Thursday, December 4, 2014

A Digital Fit IT: Shall you put your IT on a Diet?

IT needs to transform from a big fat silo to the digital fit brain of a modern organization.

We live in the era of information overload and “data obesity,” IT organizations at the center of such changes, also suffer from the redundant application maintenance and heavy legacy infrastructure, how to build a digital fit IT, shall you put your IT on a diet, and what's the single best method you've seen to reduce technology "bloat" in your company?

IT needs to be the change agent to advocate the culture of innovation: Bring in a culture that doesn't resist change but doesn't encourage change for change’s sake as well. And it has to be a cultural change as what you want is the focus in order to deliver successful programs. IT doesn't fix problems, people do. Complicating technology with more technology makes organizations unwieldy. However, IT more often makes decisions in isolation and has failed to engage their business effectively. With the continuous drive from their senior management team to drive out the cost, they have lost the ability to articulate value and their businesses have neither information nor understanding of the cost of the decisions that IT is making on their behalf.

IT needs to prune “the weed” regularly: The approach is to implement a program that like a gardener would prune the tree and nurture the valuable solutions. Pruning the weeds would face resistance, however, at the end of the day, this was not just an IT decision and rather than let the senior management team beat them up, by understanding and communicating the actual costs, the senior management team could be pointed in other directions as IT is simply delivering the decisions of their business. IT needs to promote its products and market its capabilities. The concept of a service catalog has existed in IT for decades and yes it is hard, but it needs to be embraced today more than ever. IT departments have to sell the benefits of their solutions and not just once but continuously, because people like shiny and new toys, and often forget the capabilities of what they have. The IT department needs to sell itself (perception is fact) and sell the tools that it has. In this day and age when end-user communities can spin up services in the Cloud without IT, they expect to see products and they expect to be sold to. IT has to transform into a solution provider, not just a back-office service provider. Measure, measure, measure. Metrics are important. Start checking the quality. It pays off both in terms of reduced support and faster change. But to borrow the opening, a scale is useful too. IT needs to apply systems thinking and take logical steps:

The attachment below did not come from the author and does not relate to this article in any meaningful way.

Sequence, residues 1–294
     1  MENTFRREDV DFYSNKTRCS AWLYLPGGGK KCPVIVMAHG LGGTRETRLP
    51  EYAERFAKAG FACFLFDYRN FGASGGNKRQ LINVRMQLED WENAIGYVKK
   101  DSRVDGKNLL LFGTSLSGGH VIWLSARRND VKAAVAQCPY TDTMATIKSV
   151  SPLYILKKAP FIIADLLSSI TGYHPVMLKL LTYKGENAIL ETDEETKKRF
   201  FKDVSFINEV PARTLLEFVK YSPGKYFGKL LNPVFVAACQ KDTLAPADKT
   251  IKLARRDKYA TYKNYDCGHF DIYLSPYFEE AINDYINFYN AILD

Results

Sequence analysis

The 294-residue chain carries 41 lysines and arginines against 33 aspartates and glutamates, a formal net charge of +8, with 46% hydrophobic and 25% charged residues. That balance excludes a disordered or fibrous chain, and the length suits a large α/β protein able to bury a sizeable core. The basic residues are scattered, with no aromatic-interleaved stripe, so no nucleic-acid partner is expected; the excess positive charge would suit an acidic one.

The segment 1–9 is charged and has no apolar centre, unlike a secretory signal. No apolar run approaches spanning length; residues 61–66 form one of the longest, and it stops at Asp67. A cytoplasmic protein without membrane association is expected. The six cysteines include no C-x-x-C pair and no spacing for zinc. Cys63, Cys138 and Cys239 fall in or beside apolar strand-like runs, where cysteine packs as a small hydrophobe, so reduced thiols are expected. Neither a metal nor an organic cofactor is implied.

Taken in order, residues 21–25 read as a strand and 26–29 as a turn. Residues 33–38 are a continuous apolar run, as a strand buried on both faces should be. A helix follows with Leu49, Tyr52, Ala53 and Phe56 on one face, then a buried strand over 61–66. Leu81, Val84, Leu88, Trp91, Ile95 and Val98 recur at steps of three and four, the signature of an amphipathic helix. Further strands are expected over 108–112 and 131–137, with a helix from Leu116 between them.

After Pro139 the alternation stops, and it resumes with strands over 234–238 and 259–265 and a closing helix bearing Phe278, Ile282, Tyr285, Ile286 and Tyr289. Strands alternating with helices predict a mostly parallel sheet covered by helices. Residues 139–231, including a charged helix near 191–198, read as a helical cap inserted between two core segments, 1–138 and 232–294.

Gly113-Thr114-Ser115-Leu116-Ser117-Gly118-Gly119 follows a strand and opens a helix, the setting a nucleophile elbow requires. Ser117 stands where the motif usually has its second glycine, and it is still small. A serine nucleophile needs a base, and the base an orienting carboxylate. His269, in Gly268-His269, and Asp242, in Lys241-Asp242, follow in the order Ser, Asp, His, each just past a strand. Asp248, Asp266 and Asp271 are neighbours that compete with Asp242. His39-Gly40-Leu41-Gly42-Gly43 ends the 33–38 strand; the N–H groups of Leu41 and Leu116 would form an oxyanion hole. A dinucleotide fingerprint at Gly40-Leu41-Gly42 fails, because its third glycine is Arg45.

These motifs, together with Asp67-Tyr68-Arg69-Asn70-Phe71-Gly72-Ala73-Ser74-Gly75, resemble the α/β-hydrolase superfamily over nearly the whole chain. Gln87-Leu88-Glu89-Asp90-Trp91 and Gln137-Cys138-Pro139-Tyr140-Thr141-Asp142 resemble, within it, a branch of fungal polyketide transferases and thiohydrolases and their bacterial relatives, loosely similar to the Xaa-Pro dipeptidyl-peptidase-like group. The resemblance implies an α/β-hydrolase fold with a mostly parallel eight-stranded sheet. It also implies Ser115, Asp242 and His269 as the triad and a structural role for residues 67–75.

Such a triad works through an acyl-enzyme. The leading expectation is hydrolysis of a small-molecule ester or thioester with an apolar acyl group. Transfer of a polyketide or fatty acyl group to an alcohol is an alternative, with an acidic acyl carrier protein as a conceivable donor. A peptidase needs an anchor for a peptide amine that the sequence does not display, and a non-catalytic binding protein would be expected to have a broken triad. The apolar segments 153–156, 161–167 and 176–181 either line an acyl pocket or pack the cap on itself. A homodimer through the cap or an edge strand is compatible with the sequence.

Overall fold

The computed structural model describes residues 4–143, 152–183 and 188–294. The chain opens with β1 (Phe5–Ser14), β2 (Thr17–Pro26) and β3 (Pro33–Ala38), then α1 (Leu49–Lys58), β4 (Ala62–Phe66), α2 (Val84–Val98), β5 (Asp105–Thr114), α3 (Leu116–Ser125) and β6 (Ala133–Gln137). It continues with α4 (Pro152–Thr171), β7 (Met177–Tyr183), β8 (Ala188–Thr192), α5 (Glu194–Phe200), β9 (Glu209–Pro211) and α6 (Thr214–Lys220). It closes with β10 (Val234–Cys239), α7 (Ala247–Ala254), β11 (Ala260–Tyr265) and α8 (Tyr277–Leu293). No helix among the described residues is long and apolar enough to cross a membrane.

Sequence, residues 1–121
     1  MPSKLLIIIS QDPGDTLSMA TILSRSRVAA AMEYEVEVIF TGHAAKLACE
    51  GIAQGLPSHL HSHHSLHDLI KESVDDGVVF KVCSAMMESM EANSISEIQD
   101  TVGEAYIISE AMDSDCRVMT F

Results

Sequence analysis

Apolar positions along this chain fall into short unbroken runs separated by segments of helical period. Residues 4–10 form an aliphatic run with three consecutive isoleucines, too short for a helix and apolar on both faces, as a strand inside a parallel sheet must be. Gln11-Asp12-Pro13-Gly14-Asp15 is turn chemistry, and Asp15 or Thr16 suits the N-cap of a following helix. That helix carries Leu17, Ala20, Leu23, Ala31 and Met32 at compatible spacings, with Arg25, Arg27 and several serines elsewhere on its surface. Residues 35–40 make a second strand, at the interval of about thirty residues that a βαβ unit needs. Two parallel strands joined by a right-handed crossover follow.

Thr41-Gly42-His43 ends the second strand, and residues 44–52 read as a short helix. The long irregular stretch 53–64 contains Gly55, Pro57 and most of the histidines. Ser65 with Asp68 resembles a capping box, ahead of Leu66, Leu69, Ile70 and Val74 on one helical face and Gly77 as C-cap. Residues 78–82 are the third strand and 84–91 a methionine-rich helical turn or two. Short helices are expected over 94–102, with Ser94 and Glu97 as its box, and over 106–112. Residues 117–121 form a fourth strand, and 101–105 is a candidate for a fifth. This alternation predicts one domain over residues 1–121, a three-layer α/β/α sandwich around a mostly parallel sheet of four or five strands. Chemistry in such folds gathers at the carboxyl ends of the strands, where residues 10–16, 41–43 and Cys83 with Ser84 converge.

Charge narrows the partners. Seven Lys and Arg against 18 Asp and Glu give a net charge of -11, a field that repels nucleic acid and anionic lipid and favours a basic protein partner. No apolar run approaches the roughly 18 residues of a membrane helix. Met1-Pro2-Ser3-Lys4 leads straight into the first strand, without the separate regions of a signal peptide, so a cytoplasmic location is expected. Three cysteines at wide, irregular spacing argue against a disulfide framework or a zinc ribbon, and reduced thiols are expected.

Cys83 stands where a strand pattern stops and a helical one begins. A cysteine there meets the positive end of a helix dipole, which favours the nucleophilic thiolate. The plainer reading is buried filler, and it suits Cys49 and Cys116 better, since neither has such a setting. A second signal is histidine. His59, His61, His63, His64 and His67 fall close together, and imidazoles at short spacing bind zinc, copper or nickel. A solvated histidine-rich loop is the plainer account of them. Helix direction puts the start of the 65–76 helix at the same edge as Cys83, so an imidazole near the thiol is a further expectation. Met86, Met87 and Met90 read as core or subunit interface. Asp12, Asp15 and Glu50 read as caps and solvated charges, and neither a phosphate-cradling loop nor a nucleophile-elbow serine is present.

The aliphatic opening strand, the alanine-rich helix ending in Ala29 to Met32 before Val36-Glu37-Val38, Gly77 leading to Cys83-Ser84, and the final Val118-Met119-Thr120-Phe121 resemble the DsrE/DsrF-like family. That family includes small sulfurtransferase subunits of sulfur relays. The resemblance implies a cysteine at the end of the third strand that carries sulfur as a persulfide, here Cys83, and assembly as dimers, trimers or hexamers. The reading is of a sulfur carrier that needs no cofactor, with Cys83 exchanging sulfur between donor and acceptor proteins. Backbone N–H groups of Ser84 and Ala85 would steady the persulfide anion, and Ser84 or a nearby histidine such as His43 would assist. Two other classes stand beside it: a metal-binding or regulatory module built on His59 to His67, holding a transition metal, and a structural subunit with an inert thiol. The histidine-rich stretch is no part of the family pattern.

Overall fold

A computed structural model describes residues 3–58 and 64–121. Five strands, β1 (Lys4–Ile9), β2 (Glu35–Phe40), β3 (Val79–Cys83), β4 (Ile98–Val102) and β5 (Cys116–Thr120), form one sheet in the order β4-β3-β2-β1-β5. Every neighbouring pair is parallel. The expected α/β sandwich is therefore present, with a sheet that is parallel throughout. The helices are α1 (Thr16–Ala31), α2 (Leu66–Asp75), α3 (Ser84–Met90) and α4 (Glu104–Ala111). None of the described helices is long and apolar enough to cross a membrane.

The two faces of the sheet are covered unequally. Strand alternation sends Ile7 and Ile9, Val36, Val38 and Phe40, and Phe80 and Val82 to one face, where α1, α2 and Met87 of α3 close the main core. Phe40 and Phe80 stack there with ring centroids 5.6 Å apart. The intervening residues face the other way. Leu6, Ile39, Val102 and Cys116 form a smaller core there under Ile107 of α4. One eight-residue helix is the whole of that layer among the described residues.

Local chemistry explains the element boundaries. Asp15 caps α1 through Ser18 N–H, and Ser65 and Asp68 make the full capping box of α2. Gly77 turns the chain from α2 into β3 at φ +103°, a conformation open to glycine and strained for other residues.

1) common Architecture and strategy to support transformation efforts, do not reinvent the wheels.
2) investment in fact-based spending transparency and process governance around vendor spend.
3) Transparency and cultural willingness to optimize IT spend, as otherwise any effort to optimize IT costs may result in ballooning what Business Units pay for directly by bringing in expensive IT consultants and Bespoke Software.

IT needs to be the driver for the business's digital transformation: IT needs to build both strategy and practices to transform into a digital transformation. In many IT organizations, they want to transform IT but have no mechanism to articulate the costs or value of these systems. Many IT organizations in legacy organizations or in legacy industries spend significant time, cost and resource to maintain the heavy out of date IT infrastructure and legacy applications. So they have two situations with legacy applications.
a) They are maintaining legacy apps at the most basic level, not carrying out upgrades and systems were decades outside the manufacturer's support, thus increasing business risk and their costs of maintenance.

b) They are maintaining apps that they could have almost certainly removed had they engaged their business effectively and allowed their business to make the decision with the actual knowledge and actual business value determination. To keep digital fit, IT has to set priority right: LIST A: Do a list of what systems you have and their associated hardware and software and what business operations/functions/processes they provide/support. LIST B: Do another list of what your business needs to run and report covering all necessary processes/operations/ functions. Compare the two lists by function. If it's on LIST A but not on LIST B then dump it. It's amazing how many systems and associated hardware/software you will find in large companies and many haven't been used for years. Such exercises will help discover the systems that were created by individuals within the organization and no one in the IT department had any knowledge of these and from which major business decisions were being made on a daily basis.

Keeping “IT Fit” takes both strategy and discipline, but it is worth the effort, and it is a significant step to transform IT from a cost center to value creator; from a controller always saying “NO” to the users to the innovator that brings change to itself as well as business-wide scope, and from a big fat silo to the digital fit brain of modern organization.


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